He definitely didn’t want to swim.

For a moment he tried to figure out some way to swing across, or cling to the smooth-fitted stones, but then he realized he was thinking like an engineer, not a magician. How would a wizard cross a pond?

“You who dwell in the waters, come up!” he said in Sumerian. “Rise up and bear me across. By Tiamat and by Muumiah I command you. Rise up!”

He could feel something there, something resisting him. He focused his attention on it and repeated his evocation more firmly, brandishing the ash-wood rod as he spoke.

The thing in the water began to rise, and a domed, plated back broke the surface. A moment later Sam found himself looking into the eyes of a snapping turtle the size of a car. Its beak-like maw was big enough to shear off a man’s leg with one bite, and its armored eyes were mad and hateful.

“Bear me across the water,” he said, trying to sound as confident as if he were telling a cabbie where to go. The giant turtle made no answer, so Sam decided to brazen it out. If this was the wrong choice he would probably bleed to death before he drowned. He hopped over the monster’s head to its great slimy shell, and struggled up to the top. The turtle began to swim as soon as he was aboard, rotating in place and then scooting toward the opposite doorway. As they arrived, but before Sam could disembark, a man stepped in front of the doors from an opening in the side of the little vestibule. He was dressed in an Army combat uniform with a standard Gentex helmet, but carried a sword instead of a rifle.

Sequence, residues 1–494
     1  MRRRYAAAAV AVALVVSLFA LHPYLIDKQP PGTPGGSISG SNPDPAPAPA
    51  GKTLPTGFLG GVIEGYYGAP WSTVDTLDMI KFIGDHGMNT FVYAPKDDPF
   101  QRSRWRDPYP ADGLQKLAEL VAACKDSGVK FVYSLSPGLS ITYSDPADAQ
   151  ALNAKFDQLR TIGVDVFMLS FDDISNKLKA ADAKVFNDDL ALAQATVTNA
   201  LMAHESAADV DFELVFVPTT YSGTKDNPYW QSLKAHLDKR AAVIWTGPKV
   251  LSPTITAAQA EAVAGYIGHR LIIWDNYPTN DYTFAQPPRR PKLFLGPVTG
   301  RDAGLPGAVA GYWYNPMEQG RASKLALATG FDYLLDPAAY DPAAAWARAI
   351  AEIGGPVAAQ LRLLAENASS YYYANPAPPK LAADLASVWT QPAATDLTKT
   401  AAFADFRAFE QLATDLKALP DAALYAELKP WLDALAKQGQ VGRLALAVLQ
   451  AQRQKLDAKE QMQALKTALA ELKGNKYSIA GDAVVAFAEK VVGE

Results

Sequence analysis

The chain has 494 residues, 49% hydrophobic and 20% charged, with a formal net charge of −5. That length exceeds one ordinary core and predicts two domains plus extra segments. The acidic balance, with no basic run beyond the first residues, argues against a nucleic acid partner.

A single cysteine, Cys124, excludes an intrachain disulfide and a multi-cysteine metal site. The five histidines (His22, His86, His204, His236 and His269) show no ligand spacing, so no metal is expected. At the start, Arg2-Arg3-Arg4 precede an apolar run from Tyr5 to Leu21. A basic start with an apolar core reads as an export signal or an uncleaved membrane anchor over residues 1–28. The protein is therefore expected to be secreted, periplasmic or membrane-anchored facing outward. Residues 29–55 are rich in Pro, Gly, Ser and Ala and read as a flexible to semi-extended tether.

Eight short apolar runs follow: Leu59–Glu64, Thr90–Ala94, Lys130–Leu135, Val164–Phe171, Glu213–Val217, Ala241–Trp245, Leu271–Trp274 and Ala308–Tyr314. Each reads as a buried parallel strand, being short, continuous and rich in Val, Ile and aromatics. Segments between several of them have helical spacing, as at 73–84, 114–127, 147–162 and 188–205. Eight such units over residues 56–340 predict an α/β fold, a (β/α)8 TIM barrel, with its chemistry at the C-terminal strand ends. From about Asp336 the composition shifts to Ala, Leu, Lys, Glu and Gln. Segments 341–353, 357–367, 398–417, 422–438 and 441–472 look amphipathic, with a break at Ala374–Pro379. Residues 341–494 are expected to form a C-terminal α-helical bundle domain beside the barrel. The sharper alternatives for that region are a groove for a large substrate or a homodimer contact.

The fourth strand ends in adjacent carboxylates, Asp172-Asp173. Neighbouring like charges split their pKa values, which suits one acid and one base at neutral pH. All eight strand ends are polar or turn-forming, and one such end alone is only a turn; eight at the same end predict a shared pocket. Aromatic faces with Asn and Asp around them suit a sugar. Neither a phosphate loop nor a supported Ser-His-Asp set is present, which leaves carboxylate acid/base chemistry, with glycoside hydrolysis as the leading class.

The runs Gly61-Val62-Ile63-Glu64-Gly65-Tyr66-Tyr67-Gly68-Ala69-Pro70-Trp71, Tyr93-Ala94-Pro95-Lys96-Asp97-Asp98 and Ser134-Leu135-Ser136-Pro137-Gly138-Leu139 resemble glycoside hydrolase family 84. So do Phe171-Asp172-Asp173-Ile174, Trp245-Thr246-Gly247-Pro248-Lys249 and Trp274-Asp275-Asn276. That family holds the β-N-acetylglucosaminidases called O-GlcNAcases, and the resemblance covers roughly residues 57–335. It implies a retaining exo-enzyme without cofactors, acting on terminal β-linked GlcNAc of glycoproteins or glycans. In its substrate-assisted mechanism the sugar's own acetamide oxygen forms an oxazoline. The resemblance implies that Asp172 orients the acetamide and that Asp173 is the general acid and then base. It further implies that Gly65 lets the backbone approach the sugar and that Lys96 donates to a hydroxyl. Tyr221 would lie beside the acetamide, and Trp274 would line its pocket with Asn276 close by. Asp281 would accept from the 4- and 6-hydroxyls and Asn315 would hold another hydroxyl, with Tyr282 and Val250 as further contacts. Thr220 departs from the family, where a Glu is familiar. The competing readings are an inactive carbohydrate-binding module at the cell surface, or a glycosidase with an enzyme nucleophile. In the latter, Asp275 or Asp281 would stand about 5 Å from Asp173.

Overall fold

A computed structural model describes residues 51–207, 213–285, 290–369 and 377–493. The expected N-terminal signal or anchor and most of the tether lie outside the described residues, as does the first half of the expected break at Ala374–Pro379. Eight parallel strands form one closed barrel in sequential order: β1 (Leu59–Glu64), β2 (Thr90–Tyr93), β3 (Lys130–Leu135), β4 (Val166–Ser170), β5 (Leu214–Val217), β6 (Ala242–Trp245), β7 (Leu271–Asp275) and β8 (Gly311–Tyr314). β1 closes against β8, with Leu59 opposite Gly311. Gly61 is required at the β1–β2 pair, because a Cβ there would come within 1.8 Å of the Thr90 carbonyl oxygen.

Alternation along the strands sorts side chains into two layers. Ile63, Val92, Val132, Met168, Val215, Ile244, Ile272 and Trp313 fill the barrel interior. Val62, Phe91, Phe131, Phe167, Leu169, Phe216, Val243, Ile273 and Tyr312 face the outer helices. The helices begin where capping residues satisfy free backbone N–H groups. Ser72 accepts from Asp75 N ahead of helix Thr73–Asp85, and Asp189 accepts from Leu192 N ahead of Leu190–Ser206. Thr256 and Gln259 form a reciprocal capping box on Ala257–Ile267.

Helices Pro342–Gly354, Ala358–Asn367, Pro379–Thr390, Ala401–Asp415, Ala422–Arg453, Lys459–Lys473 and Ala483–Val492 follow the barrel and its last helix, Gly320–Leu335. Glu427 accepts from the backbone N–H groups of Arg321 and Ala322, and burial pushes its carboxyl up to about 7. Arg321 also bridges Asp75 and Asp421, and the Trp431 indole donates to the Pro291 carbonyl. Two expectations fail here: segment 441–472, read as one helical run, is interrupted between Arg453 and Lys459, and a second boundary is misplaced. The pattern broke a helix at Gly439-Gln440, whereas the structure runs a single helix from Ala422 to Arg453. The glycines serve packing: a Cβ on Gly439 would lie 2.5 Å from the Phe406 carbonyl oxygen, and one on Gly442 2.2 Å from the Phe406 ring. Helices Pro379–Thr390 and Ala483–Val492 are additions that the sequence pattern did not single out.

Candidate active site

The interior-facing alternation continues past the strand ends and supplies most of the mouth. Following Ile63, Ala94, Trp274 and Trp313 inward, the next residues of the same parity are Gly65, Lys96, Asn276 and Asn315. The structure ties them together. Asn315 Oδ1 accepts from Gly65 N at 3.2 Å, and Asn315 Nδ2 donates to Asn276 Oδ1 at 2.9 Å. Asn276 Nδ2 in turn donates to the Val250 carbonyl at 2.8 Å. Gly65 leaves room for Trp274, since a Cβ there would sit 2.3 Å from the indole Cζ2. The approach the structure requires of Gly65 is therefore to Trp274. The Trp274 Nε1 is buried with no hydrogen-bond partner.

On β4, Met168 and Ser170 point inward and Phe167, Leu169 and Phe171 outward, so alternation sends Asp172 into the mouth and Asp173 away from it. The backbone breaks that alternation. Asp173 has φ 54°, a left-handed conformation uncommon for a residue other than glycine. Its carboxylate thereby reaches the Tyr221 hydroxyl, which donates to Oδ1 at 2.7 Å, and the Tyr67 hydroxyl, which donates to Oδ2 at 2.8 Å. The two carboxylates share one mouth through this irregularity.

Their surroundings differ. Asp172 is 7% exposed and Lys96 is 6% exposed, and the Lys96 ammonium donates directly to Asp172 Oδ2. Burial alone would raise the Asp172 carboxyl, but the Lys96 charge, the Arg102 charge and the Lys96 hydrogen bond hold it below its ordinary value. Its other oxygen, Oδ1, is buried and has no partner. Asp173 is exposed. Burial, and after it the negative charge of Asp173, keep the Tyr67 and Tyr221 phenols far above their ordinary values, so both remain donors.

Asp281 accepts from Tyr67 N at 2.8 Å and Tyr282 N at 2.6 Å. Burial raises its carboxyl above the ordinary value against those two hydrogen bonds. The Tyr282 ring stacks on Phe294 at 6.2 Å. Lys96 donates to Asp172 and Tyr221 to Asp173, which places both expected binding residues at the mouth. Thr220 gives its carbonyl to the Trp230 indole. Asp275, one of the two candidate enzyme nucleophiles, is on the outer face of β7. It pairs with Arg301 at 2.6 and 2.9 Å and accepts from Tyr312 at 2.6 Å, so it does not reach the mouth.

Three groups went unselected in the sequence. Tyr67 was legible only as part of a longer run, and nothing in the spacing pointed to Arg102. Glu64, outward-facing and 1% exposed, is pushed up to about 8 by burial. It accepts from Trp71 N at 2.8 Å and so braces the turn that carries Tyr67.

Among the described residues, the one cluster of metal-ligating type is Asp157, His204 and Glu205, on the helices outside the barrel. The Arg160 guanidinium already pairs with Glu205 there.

“Welcome, stranger,” he said, with a pure Texas accent.

“I want to pass the gate.”

“Cast away your ash-wood rod.”

“Why should I cast away my rod?”

“It is our way, and our ways are perfect,” the soldier answered.

Sam stepped off the turtle and handed over the rod to the soldier, who sheathed his sword and pushed open the green-painted iron doors behind him. Sam walked through and down another flight of stairs.

The floor of the octagonal room at the bottom of the stairs was not stone but packed bare dirt. In the center, impossibly, stood an ancient-looking apple tree. Its trunk was thick and gnarled, and its branches reached up only about fifteen feet to the stone ceiling. Half a dozen golden-yellow apples hung from its boughs — and a snake with scales like polished coal was coiled around the trunk, watching him with golden eyes.

On the far side of the room the jolly old fat man called Mr. Stone stood holding a golden sickle. Behind him a pair of bronze doors were decorated with astrological symbols. He said nothing.

What to do? Was he supposed to pick the apple? Or . . . was he supposed to not pick the apple? If this was a religious initiation, knowing how to avoid temptation would be important. Sam fell back on the useful question: What would a wizard do?